ADB LOANS JUMP TO US$7.4BN IN 2006, ANNUAL REPORT SAYS
ADB approved a total US$7.4 billion in loans in 2006, reflecting a 28% increase over the previous year's level, according to the ADB Annual Report 2006, released ahead of the 40th Annual Meeting to be held 4–7 May in Kyoto, Japan.
"Sustainable economic growth was the most prevalent theme," said ADB's latest annual report, in describing the general thrust of the 67 projects supported by the loans approved in 2006.
Grants approved in 2006 amounted to US$538.4 million, earmarked for 43 projects. This amount is less than half the US$1.1 billion in grants approved in 2005, when more funds were needed to immediately address the destruction wrought by the December 2004 Asian tsunami and the earthquake that struck Pakistan in October 2005.
The People's Republic of China received US$1.6 billion, or 21%, of the total loans that ADB extended last year, making it the biggest loan recipient.
The finance sector was the top recipient of ADB loans last year, receiving US$1.8 billion, or 24%, of total loans, sharply higher than the US$261.2 million the sector secured in 2005. The transportation and communications sector received the largest share of loans that ADB provided in 2005.
Loans with government guarantees last year totaled US$6.8 billion for 59 projects. Out of this amount, US$5.5 billion for 26 loans came from the ordinary capital resources of ADB, while the balance, which financed 45 loans, was sourced from the concessional Asian Development Fund (ADF).
Overall, sovereign lending increased 30% over the US$5.2 billion approved in 2005.
ADB approved two nonsovereign loans last year for state-owned enterprises worth US$150 million. ADB also approved seven loans amounting to US$425 million that did not carry government guarantees. Private sector loans declined 17% from the US$513 million approved by ADB for six projects in 2005.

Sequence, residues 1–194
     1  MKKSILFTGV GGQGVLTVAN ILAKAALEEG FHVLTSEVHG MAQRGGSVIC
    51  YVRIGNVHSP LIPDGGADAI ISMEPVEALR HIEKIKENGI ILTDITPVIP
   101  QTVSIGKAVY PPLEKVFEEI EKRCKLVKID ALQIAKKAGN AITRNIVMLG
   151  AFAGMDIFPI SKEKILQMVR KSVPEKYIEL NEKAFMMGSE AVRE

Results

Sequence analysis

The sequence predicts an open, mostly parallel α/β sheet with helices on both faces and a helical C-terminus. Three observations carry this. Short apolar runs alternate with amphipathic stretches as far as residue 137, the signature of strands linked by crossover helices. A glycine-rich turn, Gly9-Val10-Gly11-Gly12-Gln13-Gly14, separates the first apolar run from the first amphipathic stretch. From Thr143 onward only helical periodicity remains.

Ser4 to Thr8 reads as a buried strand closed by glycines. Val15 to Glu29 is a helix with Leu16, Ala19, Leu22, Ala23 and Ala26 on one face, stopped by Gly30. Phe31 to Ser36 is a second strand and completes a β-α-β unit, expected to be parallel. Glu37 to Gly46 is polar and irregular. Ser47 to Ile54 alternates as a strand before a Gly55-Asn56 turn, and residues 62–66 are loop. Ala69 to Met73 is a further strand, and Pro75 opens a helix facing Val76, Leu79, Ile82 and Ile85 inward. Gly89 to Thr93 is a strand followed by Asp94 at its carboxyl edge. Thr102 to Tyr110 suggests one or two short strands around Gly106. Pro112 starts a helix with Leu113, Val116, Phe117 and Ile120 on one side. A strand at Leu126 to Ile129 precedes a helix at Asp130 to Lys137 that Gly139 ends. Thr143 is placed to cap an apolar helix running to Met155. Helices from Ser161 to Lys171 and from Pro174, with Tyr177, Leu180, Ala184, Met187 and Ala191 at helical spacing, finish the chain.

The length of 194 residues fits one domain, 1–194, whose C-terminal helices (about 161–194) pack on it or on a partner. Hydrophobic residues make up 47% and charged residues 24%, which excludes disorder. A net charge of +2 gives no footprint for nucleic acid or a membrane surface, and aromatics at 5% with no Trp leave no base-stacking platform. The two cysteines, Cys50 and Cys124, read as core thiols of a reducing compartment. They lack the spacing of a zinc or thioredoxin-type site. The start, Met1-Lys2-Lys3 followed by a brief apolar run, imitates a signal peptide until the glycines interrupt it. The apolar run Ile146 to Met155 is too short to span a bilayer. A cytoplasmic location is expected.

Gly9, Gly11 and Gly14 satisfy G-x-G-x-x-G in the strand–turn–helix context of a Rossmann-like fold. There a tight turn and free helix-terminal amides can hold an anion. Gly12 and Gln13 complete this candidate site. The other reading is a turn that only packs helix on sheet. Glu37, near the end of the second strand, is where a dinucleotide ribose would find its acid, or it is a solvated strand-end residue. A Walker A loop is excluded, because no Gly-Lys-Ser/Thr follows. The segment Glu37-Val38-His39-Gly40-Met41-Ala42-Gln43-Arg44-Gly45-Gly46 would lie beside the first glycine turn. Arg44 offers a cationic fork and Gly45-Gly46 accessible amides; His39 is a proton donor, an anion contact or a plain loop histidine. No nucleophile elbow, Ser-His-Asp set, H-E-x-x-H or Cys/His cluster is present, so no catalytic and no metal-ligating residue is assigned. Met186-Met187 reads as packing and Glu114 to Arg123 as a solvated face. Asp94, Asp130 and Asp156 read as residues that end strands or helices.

ADB approved eight multitranche financing facilities (MFFs) totaling US$3.8 billion last year, compared with two MFFs amounting to US$1.5 billion in 2005. ADB approved three MFFs for Pakistan totaling US$2.2 billion; three others valued at US$1.1 billion for India; a US$430 million facility for Bangladesh; and a US$50 million facility for the People's Republic of China.
Of the total grants ADB approved last year, US$274.9 million came from ADF IX, while US$235 million came from external sources, with full or partial administration by ADB. The balance was sourced from the Asian Tsunami Fund and Pakistan Earthquake Fund.
In 2004, the 28 ADF donor-members of ADB agreed on a US$7 billion replenishment of the ADF. The replenishment was referred to as ADF IX and covers the period 2005–2008. ADF IX grants help countries reduce the debt burden of development finance, make the transition from conflict to peace and stability, and combat HIV/AIDS and other infectious diseases.
In 2006, parallel grants of US$111.9 million were also provided from multilateral and bilateral institutions without ADB administration services for five ADB-funded projects.
ADB approved 260 technical assistance projects valued at US$241.6 million last year, of which 234 were new projects while 26 were supplementary projects. Last year's technical assistance was 22% higher than the US$198.5 million for 299 projects approved in 2005.
Of the total technical assistance projects, 73 were for project preparation, 98 were advisory, and 89 were for regional assistance. Of the total amount approved, US$92.3 million came from the Technical Assistance Special Fund, US$56.6 million from the Japan Special Fund, and the balance from other multilateral and bilateral sources.
Fourteen equity investments valued at US$260.5 million were approved last year, compared with US$196.5 million for eight equity investments in 2005.
Cofinancing and Guarantee Operations